RABBLE Theatre. Rousing the crowd.
RABBLE was formed as Reading Between the Lines in 2012 by actors.
Off the Block, the now annual new writing event, was the company’s first production and the high-pressure, exhilarating night was received exceptionally well by press and public alike.
Following an ambitious crowd-funding campaign and many days of searching for business sponsorship, the company raised the funds to stage their first full-scale production, Twelfth Night. It took place not in a theatre, but inside Reading Minster, a decision which made clear the company’s aim to celebrate the history and beauty of Reading. Directed by Hal Chambers and with a stunningly beautiful score by composer Rosalind Steele, the production received nothing but 5 Star reviews.
RBL’s 2013 Romeo and Juliet, again inside Reading Minster, imagined that the 2011 London riots hadn’t stopped and that two sides had taken control…. DJ and Composer Benjamin Hudson, more accustomed to studios and festivals (Maida Vale, Radio 1, 6 Music), made his theatrical debut with this exceptional, riotous rave soundtrack that complemented the show so magnificently. 5 Star reviews were greatly appreciated by the hard working company, as was the transfer to Greenwich Theatre.
Reading’s St James’ Church, Basingstoke Anvil and Greenwich Theatre were the venues for Much Ado About Nothing in 2015, which opened with the sound of Chinook helicopters circling RBL’s now substantial audience, followed by fully-armed British Army soldiers storming the venue. Exploring life for the British in Afghanistan, this production received 8 five star reviews, including this from The Stage, “Revolutionary and ambitious production shows regional professional theatre at its very best” and this from The Independent, “Totally brilliant… genuinely funny.”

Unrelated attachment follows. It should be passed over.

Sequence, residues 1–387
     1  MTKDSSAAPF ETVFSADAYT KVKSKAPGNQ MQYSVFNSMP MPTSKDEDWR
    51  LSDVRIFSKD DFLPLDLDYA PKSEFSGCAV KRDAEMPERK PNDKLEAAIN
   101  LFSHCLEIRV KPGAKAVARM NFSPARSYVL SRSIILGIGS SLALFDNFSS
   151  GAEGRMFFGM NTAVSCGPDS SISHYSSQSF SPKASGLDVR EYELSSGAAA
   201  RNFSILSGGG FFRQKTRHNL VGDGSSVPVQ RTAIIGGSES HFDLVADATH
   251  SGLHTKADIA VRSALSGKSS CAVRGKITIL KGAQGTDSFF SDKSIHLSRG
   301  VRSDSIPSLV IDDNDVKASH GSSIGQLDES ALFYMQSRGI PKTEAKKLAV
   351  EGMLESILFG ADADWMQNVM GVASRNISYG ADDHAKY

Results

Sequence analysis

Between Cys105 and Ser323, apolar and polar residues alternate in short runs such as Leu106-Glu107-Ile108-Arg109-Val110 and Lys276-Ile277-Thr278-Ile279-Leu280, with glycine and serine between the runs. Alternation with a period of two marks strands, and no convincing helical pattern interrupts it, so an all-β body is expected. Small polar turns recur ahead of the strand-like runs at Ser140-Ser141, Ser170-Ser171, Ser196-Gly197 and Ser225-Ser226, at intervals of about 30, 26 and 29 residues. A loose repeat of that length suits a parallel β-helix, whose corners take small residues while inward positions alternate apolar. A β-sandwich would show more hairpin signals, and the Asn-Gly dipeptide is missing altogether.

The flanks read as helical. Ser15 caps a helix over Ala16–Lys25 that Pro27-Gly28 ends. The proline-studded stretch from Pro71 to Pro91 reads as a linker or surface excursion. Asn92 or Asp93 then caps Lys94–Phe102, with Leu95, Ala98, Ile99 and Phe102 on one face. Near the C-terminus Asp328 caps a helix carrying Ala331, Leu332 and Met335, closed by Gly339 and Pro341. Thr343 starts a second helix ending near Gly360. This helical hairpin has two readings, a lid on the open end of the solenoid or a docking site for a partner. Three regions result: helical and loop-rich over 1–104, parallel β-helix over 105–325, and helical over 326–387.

In 2016, RBL’s desire to have Reading recognised culturally and historically was transformed by the decision to create new writing about the most notable people who inhabited the town’s extraordinary buildings. Oscar Wilde on Trial by Beth Flintoff staged inside Reading Gaol, with Oscar Wilde’s actual cell door on the stage inside the Old Chapel (produced in association with the Ministry of Justice and Artangel), was seen by over 3000 people in just four days, with the show proving so successful that it was done twice a night. Jonathan Humphreys directed the largely verbatim piece.